CH: …chose the last September the 11th as the date on which to give a press conference saying that his party should no longer be counted on as a friend of the United States. It couldn’t have been very much more pointed than that.
HH: Is the world better off with Gordon Brown staying at 10 Downing, or with Cameron coming in?
CH: Well, I would now say that was a very, very difficult call to make. What I would say with much less ambiguity is it’s, we’re much worse off that Tony Blair talked himself into resigning before his time.
HH: I agree with that completely. Let’s turn to the Democratic primary. One of your all-time favorite political figures, Bill Clinton, is much back in evidence, and doing extraordinary damage to his wife’s campaign. Predictable?
CH: Oh, do you think? I’m so encouraged to hear that.
HH: Oh, yes. I think he is, as they say, the Bill in the china shop. I think he brings her down two points a day.
CH: Well, then, that’s the nicest thing I’ve heard all day. Perhaps there’s something I’ve been missing. I mean, I did see the awful lying that he made about Iraq, and obviously, that can’t have helped her. But his celebrity culture friends, and his Hollywood lot, doesn’t that carry on working? It seems to have a horribly successful effect on a lot of people I know.
HH: Her numbers are falling. The Charlie Rose appearance, in which he lashed out at the press, didn’t help. And now today, he botched up an appearance with Magic Johnson. He appears incapable…
CH: Ooh, oh, well, goodness me. I was doing something else today. I mean, I should, sorry, I should be telling you rather than asking you, shouldn’t I?
HH: Well, no, that’s fine.
CH: I’m a useless guest (laughing).
HH: That’s fine. If it’s not penetrated the Beltway yet, perhaps you’ll be the last to know.
CH: Not my…but I had other things on my mind today. But I mean, there’s something ghastly and unstoppable about that couple, to me it seems.
HH: Now let me ask you, if you had to vote between Hillary and Huckabee, who would you vote for?
CH: That’s an awful thing to ask a guy, but I’d have to say that I think Mrs. Clinton is more serious on foreign policy than Mr. Huckabee is. And though she makes professions of faith, and an awful, sudden professions of Methodism and so forth, at least I’m sure she’s a lousy hypocrite about it, whereas the awful thing about him is the contrary, that he might take it all as literally Gospel, as they say.
HH: What do you think about Barack Obama’s faith…
CH: I mean, the only two things I’ve learned in a long life of following politics are that one, character and personality are the only thing that matter. When people say let’s do issues, not personalities, never listen to that. Always, always, always focus on the character of the candidate, because they can change their mind on the issues, but they can’t alter the fact that they’re a cretin or a scumbag or a crook, right?
CH: Well, on that basis, I’d have to say I was for John Edwards, even though I’m a single issue voter, who cares only about winning in Afghanistan and Iraq.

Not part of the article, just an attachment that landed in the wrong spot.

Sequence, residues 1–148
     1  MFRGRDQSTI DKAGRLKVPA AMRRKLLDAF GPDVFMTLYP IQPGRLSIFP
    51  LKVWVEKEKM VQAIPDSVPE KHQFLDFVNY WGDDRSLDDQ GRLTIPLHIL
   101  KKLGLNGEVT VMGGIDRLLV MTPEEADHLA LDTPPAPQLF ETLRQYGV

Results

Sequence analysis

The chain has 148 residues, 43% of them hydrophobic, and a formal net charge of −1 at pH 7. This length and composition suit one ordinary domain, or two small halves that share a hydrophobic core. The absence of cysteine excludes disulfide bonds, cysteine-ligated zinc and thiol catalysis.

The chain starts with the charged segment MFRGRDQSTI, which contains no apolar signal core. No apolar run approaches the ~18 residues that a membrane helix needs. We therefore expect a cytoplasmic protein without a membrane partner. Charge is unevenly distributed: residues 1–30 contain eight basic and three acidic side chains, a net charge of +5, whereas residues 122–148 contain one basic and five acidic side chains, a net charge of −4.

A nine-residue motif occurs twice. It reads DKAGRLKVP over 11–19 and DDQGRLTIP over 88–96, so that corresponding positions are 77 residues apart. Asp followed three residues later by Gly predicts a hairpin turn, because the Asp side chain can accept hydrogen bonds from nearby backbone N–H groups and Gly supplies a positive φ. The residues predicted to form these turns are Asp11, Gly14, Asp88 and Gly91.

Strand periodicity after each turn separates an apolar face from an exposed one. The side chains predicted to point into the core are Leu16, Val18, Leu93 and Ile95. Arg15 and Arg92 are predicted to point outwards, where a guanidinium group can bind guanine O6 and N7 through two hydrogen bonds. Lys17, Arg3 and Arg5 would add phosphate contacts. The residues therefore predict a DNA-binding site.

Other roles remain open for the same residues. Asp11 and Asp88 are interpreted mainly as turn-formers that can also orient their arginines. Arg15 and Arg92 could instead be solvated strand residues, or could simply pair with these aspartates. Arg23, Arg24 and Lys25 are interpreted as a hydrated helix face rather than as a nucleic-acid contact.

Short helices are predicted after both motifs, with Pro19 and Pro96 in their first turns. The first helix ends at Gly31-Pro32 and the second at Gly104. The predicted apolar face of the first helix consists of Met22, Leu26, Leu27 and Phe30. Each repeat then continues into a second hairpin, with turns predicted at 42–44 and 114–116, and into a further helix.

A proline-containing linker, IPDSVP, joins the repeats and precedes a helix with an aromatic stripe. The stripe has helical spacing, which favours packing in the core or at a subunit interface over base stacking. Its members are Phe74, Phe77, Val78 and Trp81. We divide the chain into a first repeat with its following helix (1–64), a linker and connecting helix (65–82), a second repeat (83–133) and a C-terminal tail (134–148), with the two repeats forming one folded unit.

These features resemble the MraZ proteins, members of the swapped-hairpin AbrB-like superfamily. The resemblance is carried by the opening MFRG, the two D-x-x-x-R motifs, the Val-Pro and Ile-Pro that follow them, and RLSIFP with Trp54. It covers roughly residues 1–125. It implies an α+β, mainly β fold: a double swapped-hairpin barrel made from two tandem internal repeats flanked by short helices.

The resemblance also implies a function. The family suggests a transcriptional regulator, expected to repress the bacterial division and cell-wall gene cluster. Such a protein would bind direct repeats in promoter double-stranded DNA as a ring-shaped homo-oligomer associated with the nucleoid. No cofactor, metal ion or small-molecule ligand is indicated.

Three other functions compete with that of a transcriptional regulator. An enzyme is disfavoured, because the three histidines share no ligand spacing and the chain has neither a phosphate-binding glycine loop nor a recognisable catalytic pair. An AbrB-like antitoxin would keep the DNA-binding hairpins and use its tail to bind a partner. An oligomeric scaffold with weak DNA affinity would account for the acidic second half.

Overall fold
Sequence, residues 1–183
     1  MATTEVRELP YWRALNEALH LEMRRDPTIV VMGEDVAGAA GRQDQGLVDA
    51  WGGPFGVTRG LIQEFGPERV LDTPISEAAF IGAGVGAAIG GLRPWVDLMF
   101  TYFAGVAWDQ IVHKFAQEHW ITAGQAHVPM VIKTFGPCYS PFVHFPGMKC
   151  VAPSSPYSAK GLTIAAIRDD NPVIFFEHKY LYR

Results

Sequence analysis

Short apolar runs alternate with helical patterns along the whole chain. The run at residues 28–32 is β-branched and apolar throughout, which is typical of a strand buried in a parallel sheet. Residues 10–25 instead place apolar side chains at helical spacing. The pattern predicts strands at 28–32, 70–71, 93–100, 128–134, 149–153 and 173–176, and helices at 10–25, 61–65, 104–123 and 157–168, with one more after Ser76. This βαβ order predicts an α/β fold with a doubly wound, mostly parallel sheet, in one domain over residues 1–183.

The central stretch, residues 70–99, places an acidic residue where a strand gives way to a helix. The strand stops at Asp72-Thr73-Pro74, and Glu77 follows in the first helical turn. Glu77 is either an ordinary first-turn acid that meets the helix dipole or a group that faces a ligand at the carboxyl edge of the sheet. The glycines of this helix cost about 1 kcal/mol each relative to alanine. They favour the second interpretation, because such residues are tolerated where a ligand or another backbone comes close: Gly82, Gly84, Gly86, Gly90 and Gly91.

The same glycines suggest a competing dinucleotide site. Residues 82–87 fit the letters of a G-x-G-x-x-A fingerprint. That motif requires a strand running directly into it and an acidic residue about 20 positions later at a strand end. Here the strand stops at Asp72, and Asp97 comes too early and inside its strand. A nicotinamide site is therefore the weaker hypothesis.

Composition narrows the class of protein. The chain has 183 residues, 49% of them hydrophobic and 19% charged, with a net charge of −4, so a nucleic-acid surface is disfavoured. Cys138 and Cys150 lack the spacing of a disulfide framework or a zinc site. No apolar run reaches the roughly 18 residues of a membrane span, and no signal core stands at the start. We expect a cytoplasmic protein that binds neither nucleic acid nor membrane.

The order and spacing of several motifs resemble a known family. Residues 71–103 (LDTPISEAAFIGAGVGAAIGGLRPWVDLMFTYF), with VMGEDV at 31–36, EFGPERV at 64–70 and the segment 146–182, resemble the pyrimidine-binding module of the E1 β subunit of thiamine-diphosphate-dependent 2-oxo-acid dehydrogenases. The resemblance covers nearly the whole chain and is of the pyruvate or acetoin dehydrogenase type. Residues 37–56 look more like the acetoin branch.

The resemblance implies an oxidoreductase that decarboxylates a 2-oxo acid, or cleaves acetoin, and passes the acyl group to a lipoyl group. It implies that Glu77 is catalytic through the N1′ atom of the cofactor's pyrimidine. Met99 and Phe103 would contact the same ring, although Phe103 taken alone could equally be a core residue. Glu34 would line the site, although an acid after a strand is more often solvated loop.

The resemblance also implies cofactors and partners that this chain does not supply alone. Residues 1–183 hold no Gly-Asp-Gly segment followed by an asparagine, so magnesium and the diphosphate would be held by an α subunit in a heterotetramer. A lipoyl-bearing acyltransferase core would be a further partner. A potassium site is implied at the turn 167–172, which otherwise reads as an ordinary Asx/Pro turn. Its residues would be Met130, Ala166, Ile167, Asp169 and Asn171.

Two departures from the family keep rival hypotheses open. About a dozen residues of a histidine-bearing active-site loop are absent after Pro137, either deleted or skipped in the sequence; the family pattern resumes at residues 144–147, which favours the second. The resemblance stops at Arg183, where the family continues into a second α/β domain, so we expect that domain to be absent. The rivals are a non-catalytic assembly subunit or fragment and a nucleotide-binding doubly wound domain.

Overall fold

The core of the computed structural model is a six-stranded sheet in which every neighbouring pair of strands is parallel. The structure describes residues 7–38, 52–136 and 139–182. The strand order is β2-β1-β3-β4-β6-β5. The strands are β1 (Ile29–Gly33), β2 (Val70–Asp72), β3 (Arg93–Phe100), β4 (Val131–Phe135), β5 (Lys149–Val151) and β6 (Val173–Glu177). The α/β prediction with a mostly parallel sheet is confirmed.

HH: But he doesn’t have a prayer.
CH: Because I know the guy, he’s a very nice person, he’s a very honest man, he has a wonderful, brilliant wife, he’s a good person, he’s in politics for good reasons.
HH: But he doesn’t have a prayer. What about Barack Obama?
CH: Well, no, don’t be so sure. I’m not…by the way, Hugh, I don’t think that’s necessarily so. This is not the year, remember, we’re focused just on Iowa…
CH: …ridiculous, and this absurd facile Caucus. It will occur to some Democrats that this is probably not the year that an untried African-American Senator is going to become the president.
HH: Do you think there’s latent racism?
CH: And it may not be the year for another Clinton, whereas they have a perfectly presentable, intelligent, honest, principled, Southern Democrat who thinks that the odds are rigged against the average American. I’m not sure that that’s a losing proposition.
HH: I just go with the numbers.
CH: It should be, he sold out, I mean, he used to care about Iraq and the Kurds, and he, I remember talking to him about it, and he now seems to have decided that he’ll trade that with MoveOn.org to get elected. I think that’s awful politically, but it’s not, he’s not the worst guy in the world, and I think that may well tell.
HH: Does Barack Obama alarm you as president, the idea of an untried, you know, two year Senator?
CH: Yes, I suppose it…it doesn’t reassure me.
HH: All right. Now last question for you…
CH: There’s nothing flaky about him. I mean, I’ve read both his books, he’s charming, he’s intelligent, he’s thoughtful. We could do worse. Huckabee would be far worse, for example, than him.
HH: We have a minute left, and I…
CH: But I mean again with Obama, you get this creepy religiosity. He’s a member of some shout and holler Church in Chicago, which seems as well as to believe that the laws of nature are suspended for reasons of faith, appears to think that this is done for ethnic reasons as well, and appears to have some non-universal character to it, like Mormonism does. You know, all of this stuff makes me incredibly…
HH: Last question, a minute left. It’s Christmas time, I’ve got to give my best friend a book that he hasn’t read before. What’s the Hitchens recommended reading list? What three books do you give to the man who is a good reader, but perhaps hasn’t come across something? You mentioned the memoirs of Henry Adams.
CH: A book with a seasonal touch?
HH: No, any book at all.
CH: Darkness At Noon. Why did I say that?
HH: I don’t have any idea. Why did you say Darkness At Noon?
CH: I don’t know, because I think everyone should probably read Darkness At Noon at least once a year, and it’s not too late to read it this year.
HH: All right. Christopher Hitchens, always a pleasure, Merry Christmas to you…
CH: (laughing) I know I can live with that, but also, please, the Portable Atheist, my own anthology of writings without faith, picked purely for literary merit, the entries there.
HH: All right, Christopher Hitchens, have a wonderful, the greetings of the season to you.
End of interview.